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David Bohac, Martha Hewett, James Fitzgerald, Joshua Novacheck, and Andrew Lutz
Bibliographic info:
The International Journal of Ventilation, Vol. 12 N°4, March 2014

This paper presents results from whole building air leakage tests used to document the leakage reduction due to envelope sealing and assess the accuracy of contractor's estimates of the impact of their sealing. The measurements also compare the differences in envelope leakage reductions determined from depressurization versus pressurization tests and determine mechanical system leakage.

The eight buildings were constructed between 1936 and 2007 with floor areas that ranged from 1100 to 22900 m2. The buildings were relatively tight with normalized air leakages that ranged from 2.66 to 7.41 m3/h·m2 at a 75 Pa pressure difference. Six of the buildings were air sealed with work that focused on spray foam sealing of accessible wall/roof joints and upgrades of exterior door weatherstripping. The sealing reduced air leakage from 6 to 17% with a median of 9%. The measured leakage area reduction was only 4% to 24% of the contractor bid estimates of leakage they would seal. Post-inspections indicate that the lower measured reductions were not due to incomplete air sealing, but an inability of the contractor to estimate the amount of leakage they would seal.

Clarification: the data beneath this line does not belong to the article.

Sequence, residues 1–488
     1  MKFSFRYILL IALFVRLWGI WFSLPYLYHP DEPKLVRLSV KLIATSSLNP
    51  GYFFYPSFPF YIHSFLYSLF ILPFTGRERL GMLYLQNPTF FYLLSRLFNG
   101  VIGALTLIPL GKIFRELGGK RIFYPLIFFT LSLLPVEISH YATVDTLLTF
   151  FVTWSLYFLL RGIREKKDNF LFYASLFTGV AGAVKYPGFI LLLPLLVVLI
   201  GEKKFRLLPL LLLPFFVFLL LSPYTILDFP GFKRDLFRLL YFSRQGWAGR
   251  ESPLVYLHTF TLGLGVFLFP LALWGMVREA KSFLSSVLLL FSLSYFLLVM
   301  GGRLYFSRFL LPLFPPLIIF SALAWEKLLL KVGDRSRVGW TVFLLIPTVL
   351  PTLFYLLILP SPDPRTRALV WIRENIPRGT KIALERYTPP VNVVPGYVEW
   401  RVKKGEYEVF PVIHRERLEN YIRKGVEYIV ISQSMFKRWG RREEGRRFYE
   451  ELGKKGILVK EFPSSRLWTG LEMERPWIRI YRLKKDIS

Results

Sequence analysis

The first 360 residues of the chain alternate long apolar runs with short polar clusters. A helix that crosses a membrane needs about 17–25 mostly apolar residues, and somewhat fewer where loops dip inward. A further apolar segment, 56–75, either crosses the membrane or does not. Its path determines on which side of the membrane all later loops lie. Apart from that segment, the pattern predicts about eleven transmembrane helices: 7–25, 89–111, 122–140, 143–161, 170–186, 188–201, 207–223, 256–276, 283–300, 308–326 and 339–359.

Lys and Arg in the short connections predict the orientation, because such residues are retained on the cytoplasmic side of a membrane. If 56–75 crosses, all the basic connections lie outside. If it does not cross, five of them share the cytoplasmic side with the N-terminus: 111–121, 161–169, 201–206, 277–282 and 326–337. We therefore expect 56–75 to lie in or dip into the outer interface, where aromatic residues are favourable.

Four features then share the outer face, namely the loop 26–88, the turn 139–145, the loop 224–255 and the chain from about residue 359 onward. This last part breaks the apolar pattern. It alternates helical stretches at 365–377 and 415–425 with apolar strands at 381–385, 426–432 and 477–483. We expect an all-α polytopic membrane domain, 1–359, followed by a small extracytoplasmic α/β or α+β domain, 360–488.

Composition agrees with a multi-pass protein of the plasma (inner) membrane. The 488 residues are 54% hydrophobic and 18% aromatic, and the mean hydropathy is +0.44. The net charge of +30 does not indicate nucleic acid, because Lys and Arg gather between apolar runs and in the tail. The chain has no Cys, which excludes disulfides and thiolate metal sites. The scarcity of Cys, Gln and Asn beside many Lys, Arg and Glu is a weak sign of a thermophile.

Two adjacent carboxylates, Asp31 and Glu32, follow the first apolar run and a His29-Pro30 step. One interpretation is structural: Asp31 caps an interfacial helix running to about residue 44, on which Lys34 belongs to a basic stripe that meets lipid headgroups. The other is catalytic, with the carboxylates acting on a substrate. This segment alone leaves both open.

There was consistently higher leakage under pressurization than depressurization. The ratio of pressurization to depressurization tightness for the pre and post sealing measurements varied from 1.12 to 1.31 with an average value of 1.21. The mechanical system leakage ranged from 0.57 to 3.78 m3/h·m2 and increased the envelope leakage by 17% to 103%. This suggests that mechanical system air leakage can have a significant effect on building air leakage when the systems are off.